In fact, if I had a central complaint about the story, it's that pacing is all over the place and often the game comes to a grinding halt to blurt that exposition in your face. Every time it felt like things were getting exciting again I was at the end of the section, and there I was sitting through cutscenes or some pre-baked exposition dump once again. At the very least the game could have had the decency to be loading the next section behind it, but unfortunately I had no such luck, so you got to throw a minute of two of loading into that downtime. I can see what they're trying to do with this in a way: a game that is just all action all the time quickly loses impact and effect, but Battlefield 4 slides onto the other end of the scale, and often dulls it's own edge by bogging you down every time you start having more than the allowable amount of fun.
The other complaint I have about the story is it relies on so much cliche. I almost thought we might see some variation from the usual bugbears of military shooters when the game introduces the central antagonist being a Chinese General attempting a military coup, but then halfway through as if to make certain it checks off all the military game cliches Russians showed up and necessitated a cleaning of my keyboard when I reflexively went to give a pained sigh mid-drink of my soda. This is a story that really does read like trying to check off all the cliches of military action stories: bit where someone that says they didn't sign up for this shit: check, loose cannon subordinate soldier with a heart of gold that is somehow tolerated despite constant dereliction of duty: check, needless conflict over rank in pissing matches: check, scene that exists only to regurgitate military jargon at you to impress: check.
That said, the story isn't inherently bad, and the general premise has some promise, especially the idea of internal factors overthrowing a given social order and the chaos and confusion which gets sown in that wake, especially since it's hinted at from pretty much the onset that the actual Chinese military has been essentially conned into believing that the United States was responsible for the events by which the usurper General takes power. There's an attempt at actual nuance here that we so rarely see in action game stories to begin with that it makes Battlefield's attempts here almost tragic more than simply bad or frustrating. A seed of a good story lies here, smothered somewhere under the unyielding flab of so much faff. Basically, I would say its a decent story that misses the potential of it's own premise, and relies overmuch on cliche. Too much filler, not enough filler.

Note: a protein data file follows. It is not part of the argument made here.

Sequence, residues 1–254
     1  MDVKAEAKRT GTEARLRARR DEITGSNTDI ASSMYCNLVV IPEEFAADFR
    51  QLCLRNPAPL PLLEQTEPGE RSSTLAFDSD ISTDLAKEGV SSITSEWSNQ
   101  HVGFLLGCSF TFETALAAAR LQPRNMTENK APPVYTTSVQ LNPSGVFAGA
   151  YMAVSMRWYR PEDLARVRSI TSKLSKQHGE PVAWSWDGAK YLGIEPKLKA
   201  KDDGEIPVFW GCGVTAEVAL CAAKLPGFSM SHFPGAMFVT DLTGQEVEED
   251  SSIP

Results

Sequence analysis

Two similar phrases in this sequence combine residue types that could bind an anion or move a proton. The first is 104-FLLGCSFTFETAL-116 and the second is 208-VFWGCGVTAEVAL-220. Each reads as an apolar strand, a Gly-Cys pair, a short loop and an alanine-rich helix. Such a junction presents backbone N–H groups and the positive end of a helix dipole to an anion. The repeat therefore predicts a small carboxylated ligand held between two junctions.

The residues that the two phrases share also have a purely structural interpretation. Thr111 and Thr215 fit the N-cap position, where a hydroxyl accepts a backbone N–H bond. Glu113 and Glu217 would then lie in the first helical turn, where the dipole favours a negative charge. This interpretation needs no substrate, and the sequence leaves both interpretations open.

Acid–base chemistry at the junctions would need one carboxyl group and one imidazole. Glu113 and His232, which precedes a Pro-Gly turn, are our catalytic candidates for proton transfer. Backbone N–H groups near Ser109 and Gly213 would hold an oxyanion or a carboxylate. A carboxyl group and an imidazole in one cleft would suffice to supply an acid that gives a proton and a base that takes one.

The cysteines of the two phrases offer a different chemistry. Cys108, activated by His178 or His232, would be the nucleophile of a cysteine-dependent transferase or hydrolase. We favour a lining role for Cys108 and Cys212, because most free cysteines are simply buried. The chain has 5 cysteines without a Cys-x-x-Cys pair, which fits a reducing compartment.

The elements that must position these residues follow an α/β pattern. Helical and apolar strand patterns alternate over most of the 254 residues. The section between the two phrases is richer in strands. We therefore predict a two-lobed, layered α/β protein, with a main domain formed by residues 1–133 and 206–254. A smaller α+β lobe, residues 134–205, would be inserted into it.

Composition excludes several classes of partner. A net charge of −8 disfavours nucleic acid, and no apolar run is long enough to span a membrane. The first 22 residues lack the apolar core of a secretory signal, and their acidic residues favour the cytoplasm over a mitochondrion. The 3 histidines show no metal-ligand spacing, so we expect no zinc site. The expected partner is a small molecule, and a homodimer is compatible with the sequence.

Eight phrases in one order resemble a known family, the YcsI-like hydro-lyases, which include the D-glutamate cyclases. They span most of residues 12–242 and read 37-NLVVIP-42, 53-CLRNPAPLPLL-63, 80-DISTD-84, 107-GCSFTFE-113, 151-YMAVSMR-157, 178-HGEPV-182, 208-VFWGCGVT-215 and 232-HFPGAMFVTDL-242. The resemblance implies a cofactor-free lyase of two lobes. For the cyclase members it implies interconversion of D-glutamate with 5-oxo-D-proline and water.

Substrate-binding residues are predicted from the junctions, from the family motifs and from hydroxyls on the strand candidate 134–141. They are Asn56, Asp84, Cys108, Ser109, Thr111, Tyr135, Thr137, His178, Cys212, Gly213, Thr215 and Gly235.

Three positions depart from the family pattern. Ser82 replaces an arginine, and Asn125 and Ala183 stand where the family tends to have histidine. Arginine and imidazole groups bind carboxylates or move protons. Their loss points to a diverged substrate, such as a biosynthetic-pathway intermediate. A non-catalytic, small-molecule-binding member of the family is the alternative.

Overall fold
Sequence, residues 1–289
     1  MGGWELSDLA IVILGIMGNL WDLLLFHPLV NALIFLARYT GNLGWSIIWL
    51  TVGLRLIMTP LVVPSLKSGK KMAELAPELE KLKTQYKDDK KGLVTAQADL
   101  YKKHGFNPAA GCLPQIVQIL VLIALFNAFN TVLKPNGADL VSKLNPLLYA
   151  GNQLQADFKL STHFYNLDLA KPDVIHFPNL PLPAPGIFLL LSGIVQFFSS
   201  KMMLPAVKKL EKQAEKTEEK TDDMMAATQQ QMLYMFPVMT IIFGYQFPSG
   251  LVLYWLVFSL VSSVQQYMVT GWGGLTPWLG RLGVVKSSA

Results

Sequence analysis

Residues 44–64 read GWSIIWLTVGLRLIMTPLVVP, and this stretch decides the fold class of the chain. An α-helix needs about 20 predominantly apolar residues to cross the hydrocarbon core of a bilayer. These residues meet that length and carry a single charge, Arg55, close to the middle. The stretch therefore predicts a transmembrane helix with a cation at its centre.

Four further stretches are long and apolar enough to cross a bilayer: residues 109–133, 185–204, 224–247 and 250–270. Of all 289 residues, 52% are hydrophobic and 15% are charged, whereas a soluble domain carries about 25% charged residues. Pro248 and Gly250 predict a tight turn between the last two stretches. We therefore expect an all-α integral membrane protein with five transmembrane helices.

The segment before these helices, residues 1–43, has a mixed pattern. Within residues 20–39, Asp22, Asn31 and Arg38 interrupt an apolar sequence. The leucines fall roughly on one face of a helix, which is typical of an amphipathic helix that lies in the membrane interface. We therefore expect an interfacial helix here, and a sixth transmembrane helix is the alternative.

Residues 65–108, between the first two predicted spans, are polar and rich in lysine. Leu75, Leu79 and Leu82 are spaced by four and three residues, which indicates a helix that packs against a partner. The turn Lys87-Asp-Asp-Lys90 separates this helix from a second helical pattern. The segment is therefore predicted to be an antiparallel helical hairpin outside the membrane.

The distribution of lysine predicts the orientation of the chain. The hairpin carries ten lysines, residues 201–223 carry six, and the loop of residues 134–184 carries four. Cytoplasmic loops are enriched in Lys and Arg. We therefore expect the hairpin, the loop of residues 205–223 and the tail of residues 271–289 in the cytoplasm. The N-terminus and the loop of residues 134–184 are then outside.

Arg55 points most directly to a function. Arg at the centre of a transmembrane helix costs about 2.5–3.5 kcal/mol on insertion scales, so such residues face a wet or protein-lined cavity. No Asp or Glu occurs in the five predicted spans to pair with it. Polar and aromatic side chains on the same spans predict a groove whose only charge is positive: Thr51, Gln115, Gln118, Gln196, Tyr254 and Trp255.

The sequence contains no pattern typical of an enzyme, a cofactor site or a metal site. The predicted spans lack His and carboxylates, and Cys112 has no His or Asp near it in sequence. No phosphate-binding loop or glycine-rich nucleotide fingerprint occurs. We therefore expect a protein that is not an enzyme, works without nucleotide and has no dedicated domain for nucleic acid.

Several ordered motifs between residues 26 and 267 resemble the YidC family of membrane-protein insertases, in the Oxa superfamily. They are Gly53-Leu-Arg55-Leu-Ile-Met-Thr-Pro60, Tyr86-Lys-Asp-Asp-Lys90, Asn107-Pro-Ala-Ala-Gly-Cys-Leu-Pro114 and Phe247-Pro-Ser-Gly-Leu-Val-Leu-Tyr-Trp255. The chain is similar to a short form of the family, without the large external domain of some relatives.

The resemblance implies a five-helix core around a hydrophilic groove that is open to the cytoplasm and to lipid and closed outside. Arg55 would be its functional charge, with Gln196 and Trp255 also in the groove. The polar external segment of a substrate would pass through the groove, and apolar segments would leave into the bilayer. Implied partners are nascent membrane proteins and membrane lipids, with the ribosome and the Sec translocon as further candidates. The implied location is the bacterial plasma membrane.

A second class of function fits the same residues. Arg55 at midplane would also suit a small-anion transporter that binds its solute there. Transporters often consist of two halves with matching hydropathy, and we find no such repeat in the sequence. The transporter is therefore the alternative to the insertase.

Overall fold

Sound design in the game is fairly good, but the voice acting kills it
The one thing that really killed me in the exposition scenes is the voice acting. While Michael Kenneth Williams turns in a good performance as the marine "Irish", the rest of the voice acting goes from passable to worse, with some very stilted voice acting in some other main characters, particularly in the moments that are supposed to be emotional, where they come across as robotic and stilted. It really makes what might have been more compelling moments come across in the groans leaving my mouth as I just rolled my eyes and tried to be patient as I waited for the game to hit its head and be reminded that it is, in fact, a game, and let me play it some more.
Remaining sound design is done spectacularly however, with the firearms sounding accurate to their sources and things like ricohets, explosions, and shrapnel quite emphatic and accurate as well. Audio cues are kept short and to the point, and while it may not be entirely accurate, kept distinguishable through the din and thunder of the the shooting as well, which helps to ensure that you receive them, since it's often entirely possible to miss the visual elements, which brings me to yet another gripe (try to act surprised...)
Frostbyte makes for an utterly brilliant-looking game,
a game that you won't be able to see 1/3 of the time
I can sum up this problem in two things: lens flare, and bloom. The game makes a Mirror's Edge-like attempt to simulate light as it would appear through actual human eyes, but it doesn't make it. Lens flare effects abound, and even being legally-blind I could see more clearly than the game allows you half the time. Just glancing vaguely in the general direction of the sun will leave your screen absolutely saturated with bloom and unable to see a thing, which makes the fact that flashbangs often have little effect at all on you all the more ironic. Flame effects also wash out things quite a bit, but that at least can be chalked up to an over-zealous pursuit of realism, whereby if you're trying to simulate realism through human eyes, the only way that lens, lights, and such would have the grossly horizontal star effect is if your character had astigmatism, and given that never gets brought up, I don't buy it.